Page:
Print This Story Print This Story Email This Story Email This Story

GAC Album Review: Steven Curtis Chapman’s Deep Roots

Steven Curtis Chapman

Steven Curtis Chapman’s 2013 album, Deep Roots. Photo courtesy of Essential Broadcast Media.

It’s a family affair on Steven Curtis Chapman’s latest album Deep Roots, his new bluegrass influenced project available exclusively at Cracker Barrel, iTunes and Amazon.com. Featuring three generations of Chapmans, Deep Roots explores the rural sounds of Steven’s native Kentucky through 12 songs balancing his Contemporary Christian message with traditional roots-inspired arrangements.

Known best for his work as an award-winning CCM artist, Steven doesn’t veer from the course thematically on the new set that features both established hymns as well as recast renditions of several of his greatest hits. Though the songs on Deep Roots are filled with bright acoustic guitars, fluttering mandolin and some front porch dobro, Steven does an excellent job shaping his devotionals to the new sound. “Tis So Sweet To Trust In Jesus” uses singing fiddle, round bass and rolling guitars to fill out the track while the delivery remains modern with a pleasing, pop-based melody. The personal, ¾ time, “Blessed Assurance,” features chord changes toeing the line between folk and pop as Steven sings, This is my song praising my savior, with a delicate voice. And on “Rock Of Ages,” Steven offers up the album’s best vocal performance with a daring delivery that reaches far yet always maintains control.

Only twice on Deep Roots are songs given a strict Southern Gospel treatment. “Life Is Like A Mountain Railroad (Life’s Railway To Heaven)” is a down home, banjo pickin’ tune that bounces along comfortably as Steven’s father, Herb Sr., and brother, Herb Jr., join him in fantastic harmony. Steven’s father and brother also join on “He Touched Me,” a slow hymn that transforms from dark to light halfway through with a pivotal key change. It’s understandable considering his history as a pop influenced artist, yet after hearing how nicely these two songs come across, the idea of hearing Steven lend his voice to a few more Southern Gospel cuts is quite intriguing.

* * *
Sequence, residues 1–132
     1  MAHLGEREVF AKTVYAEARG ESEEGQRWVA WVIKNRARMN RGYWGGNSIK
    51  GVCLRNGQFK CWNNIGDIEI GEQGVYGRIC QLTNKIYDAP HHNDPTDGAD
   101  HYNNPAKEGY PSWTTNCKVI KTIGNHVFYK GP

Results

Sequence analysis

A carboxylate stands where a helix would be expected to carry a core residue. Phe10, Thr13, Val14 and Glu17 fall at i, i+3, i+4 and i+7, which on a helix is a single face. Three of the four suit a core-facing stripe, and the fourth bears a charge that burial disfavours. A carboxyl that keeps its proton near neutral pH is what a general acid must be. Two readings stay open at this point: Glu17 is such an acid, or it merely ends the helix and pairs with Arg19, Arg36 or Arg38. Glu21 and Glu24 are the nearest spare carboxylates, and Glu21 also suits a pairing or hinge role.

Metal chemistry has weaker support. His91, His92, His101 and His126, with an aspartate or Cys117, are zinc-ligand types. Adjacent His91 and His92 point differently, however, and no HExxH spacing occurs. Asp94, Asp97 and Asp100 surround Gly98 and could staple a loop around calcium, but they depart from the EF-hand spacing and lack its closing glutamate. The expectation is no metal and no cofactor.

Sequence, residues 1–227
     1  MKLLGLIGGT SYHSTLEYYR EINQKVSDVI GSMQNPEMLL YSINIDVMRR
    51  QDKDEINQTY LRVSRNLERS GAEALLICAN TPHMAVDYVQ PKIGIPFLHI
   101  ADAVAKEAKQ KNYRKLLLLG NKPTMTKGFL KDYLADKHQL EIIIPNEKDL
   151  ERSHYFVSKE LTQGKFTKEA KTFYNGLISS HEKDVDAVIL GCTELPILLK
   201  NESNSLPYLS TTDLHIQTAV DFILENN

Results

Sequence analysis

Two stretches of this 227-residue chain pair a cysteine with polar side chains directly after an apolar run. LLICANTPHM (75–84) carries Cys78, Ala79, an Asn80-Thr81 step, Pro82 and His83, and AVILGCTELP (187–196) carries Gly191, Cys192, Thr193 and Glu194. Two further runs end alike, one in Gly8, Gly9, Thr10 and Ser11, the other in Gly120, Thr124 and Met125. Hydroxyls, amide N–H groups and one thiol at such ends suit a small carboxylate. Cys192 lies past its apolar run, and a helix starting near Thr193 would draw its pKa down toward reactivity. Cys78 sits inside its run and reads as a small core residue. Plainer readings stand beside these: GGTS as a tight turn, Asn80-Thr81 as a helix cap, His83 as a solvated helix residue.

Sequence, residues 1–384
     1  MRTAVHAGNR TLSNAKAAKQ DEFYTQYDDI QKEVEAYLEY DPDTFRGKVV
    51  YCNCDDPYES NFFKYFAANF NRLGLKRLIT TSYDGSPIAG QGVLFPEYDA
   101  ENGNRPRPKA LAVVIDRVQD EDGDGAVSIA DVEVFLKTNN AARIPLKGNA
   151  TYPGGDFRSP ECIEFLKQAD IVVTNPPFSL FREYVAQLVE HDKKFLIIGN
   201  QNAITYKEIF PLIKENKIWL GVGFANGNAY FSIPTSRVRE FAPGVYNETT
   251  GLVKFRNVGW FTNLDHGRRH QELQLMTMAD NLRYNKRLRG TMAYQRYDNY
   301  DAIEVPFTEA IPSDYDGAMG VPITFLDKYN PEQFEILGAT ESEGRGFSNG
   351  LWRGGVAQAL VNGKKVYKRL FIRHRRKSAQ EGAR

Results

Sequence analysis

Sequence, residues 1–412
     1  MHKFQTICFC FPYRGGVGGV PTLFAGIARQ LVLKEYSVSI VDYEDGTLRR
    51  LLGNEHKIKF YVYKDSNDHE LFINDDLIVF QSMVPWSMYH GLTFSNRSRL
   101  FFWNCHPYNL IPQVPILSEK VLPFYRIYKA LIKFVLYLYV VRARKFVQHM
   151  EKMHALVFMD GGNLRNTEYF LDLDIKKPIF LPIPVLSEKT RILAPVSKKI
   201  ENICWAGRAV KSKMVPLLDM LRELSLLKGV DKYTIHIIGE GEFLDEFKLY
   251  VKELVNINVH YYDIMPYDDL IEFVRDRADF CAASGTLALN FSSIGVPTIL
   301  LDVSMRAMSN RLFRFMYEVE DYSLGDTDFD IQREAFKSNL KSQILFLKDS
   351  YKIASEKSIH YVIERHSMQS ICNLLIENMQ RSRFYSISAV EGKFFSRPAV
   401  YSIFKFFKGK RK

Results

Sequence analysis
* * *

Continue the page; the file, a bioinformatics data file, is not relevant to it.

Adding to the Deep Roots family roster, Steven’s son, Caleb, duets with his father on the peaceful, “Be Still and Know,” where the two combine for touching call-and-response harmonies. The traditional “How Great Thou Art” features his daughter-in-law, Jillian Edwards Chapman, trading off verses with him over intricate guitar work. And though he technically isn’t a blood relative, fellow bluegrass state native Ricky Skaggs collaborates on “What A Friend We Have In Jesus” with a natural and easy chemistry.

Working again with longtime CCM producer Brent Milligan (Audio Adrenaline, tobyMac), Steven reaches deep into his own catalog for many of the songs included on the set. The highlight track, “Hiding Place,” which features Steven’s steady vocal safely above dramatic piano, along with “My Redeemer Is Faithful and True,” were both originally heard on his 1987 debut, First Hand. And “His Eyes,” a touching song painting the Lord as a father figure, was pulled from his 1988 record, Real Life Conversations. However, it’s the sweetly-penned “Cinderella” from 2007’s This Moment, that ties Deep Roots together. A song written for his daughters, and one he once said he would probably never play again following the death of his daughter, Maria Sue, in 2008, “Cinderella” magnifies both his family and spiritual relationships with a touching and powerful sincerity. It’s a poignant close to an album that gains its strength from his family while offering heartfelt devotionals.

Key Tracks – “Cinderella,” “Life Is Like A Mountain Railroad (Life’s Railway To Heaven),” “Hiding Place,” “Be Still And Know”

ShareThis

Comments are closed.